Although only 3/4 's through 2012, this year has already seen a remarkable number of political men make public assumptions, gaffes and decisions surrounding women’s health that are, politely speaking, just embarrassing.

Granted, not all gaffes and misinformation have been as bad as the Tom Akin statement about “legitimate rape”, but with each day it appears that another piece of the Affordable Care Act comes under scrutiny or another state finds that its budget isn’t balancing and cuts have to be made somewhere. While women elected to hold office have to make these same tough decisions, an analysis of the current Congressional makeup might give a little insight, albeit a sad one, as to why so many ridiculous things are happening in 2012 regarding women’s health.

So who exactly is making decisions about women’s health in Washington, DC? Easy answer: older, mainly white men. Out of 541 Congressional seats, there are exactly 93 filled by women, or 17.2 percent of the members. Here is a current breakdown of your 112th Congress:

House of Representatives (441)

-Republicans: 240

-Democrats: 197

-Vacancies: 4

-Number of Women: 76

-Average Age: 57

-Average Time In Office: 10 years (5 terms)

Senate (100)

-Republicans: 47

-Democrats: 51

-Independents: 2 (Caucus with Democrats)

-Number of Women: 17

-Average Age: 62

-Average Time In Office: 11.5 years (2 terms)

For more information and a further breakdown of the current Congress, visit the House of Representatives website, the Senate website, or read the latest report from the Congressional Research Service.

Guest Author:   Nicole Fisher

 

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Comments

Thanks for that breakdown on who is voting on Womens Health issues. Definitely need more females in congress

How can we have equal representation when the balance of justice is so heavily slanted in one direction? Get out and vote.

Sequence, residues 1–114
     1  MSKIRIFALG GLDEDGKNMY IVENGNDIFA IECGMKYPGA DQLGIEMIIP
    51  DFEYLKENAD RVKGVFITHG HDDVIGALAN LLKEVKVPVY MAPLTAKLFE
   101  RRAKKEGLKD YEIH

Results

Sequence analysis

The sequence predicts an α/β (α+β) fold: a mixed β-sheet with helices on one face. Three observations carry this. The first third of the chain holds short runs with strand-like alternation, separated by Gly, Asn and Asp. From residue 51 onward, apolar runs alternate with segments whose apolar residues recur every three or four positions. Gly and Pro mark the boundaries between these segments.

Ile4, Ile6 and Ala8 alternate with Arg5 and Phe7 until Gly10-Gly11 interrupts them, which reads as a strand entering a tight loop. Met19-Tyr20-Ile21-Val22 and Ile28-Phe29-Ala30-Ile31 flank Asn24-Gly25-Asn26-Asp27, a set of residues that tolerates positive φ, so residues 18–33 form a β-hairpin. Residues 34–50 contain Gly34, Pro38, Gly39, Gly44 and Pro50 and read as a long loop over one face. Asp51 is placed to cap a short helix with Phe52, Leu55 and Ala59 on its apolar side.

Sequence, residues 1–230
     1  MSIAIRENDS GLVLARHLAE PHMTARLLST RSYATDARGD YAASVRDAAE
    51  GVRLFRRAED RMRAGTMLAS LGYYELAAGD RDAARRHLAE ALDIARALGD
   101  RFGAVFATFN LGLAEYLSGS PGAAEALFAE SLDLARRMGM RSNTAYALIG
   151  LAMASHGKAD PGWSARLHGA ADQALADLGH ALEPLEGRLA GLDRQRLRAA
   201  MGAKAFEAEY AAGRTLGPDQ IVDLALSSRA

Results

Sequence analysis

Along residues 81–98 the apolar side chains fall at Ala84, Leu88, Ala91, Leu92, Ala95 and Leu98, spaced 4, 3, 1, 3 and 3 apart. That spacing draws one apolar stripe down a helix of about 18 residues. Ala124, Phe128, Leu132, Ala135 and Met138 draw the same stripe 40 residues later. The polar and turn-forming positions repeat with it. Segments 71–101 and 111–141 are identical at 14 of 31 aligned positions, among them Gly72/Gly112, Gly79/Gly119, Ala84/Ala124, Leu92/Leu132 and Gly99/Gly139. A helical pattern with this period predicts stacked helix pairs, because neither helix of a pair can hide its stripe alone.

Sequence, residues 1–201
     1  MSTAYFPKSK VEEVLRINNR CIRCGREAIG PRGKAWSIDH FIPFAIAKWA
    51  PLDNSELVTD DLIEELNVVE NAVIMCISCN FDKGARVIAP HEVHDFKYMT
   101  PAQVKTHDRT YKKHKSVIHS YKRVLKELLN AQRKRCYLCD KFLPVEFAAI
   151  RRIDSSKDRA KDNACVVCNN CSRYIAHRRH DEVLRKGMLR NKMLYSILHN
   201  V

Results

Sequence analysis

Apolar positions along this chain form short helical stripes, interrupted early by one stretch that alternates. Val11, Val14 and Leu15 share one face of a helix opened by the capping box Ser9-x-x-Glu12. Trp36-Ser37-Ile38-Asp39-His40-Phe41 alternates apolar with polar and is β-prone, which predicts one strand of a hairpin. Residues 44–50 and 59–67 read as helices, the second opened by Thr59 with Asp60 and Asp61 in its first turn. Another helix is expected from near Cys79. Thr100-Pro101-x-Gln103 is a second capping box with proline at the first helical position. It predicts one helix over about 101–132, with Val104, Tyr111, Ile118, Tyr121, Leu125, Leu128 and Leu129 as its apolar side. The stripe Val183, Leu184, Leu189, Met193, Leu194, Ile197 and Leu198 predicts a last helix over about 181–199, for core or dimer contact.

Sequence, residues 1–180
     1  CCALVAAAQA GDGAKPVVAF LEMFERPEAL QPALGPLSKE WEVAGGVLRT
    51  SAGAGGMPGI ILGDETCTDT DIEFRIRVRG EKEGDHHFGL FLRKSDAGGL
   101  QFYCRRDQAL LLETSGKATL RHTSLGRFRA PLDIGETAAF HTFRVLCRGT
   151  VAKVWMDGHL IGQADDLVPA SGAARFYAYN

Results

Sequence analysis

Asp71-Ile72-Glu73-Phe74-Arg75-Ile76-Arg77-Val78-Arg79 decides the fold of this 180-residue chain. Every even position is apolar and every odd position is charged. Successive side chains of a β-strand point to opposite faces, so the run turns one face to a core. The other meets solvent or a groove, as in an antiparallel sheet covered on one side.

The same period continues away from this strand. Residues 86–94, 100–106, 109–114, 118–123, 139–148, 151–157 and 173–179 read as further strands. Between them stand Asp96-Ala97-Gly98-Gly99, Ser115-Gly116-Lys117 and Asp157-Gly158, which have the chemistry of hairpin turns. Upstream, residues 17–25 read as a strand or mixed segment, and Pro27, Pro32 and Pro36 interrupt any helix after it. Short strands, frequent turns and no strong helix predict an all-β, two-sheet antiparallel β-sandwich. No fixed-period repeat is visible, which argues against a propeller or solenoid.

Well that is pretty obvious if females consider that women’s healthcare isn't developing in the right way they should try and push more women in Congress.. of course it is not that easy but that is the best way to change something.

More could be done to encourage U.S. women to opt for IUDs and implants, according to Finer. In some other countries, the devices are much more popular: in France and Norway, for example, about one-quarter of women on birth control use IUDs or implants. And in China, a full 41 percent do, Finer’s team says in its report.

Great piece! On another level, the number of Latina and African American women in Congress is at an even larger disparity. However, men are not entirely to be blame. In presidential elections, women have voted in higher numbers than men for the past 50 years. The limitation comes in the form a small pool of women who "look like us" who are running for office. This highlights the need to support women in career paths which may bring them to serve in public office. More choice, more diversity?

Wow......I had absolutely no idea that our government was so gender biased! Thank you for this information. I don't know about y'all but I plan to try and vote more women into congress in the future. I'm not saying that i would vote for someone strictly out of gender, but after reading this article I think they will certainly earn extra points for being female.

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